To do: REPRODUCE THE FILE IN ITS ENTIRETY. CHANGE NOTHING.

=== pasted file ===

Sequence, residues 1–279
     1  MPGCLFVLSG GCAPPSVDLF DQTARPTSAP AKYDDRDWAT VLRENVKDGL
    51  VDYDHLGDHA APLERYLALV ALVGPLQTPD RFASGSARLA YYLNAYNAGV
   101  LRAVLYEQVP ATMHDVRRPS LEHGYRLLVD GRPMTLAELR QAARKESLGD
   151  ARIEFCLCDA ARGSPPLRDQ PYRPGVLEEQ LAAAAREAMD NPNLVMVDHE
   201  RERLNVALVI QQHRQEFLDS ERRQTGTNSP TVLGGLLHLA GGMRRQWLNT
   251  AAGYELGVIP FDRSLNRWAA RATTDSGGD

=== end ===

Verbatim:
Sequence, residues 1–279
     1  MPGCLFVLSG GCAPPSVDLF DQTARPTSAP AKYDDRDWAT VLRENVKDGL
    51  VDYDHLGDHA APLERYLALV ALVGPLQTPD RFASGSARLA YYLNAYNAGV
   101  LRAVLYEQVP ATMHDVRRPS LEHGYRLLVD GRPMTLAELR QAARKESLGD
   151  ARIEFCLCDA ARGSPPLRDQ PYRPGVLEEQ LAAAAREAMD NPNLVMVDHE
   201  RERLNVALVI QQHRQEFLDS ERRQTGTNSP TVLGGLLHLA GGMRRQWLNT
   251  AAGYELGVIP FDRSLNRWAA RATTDSGGD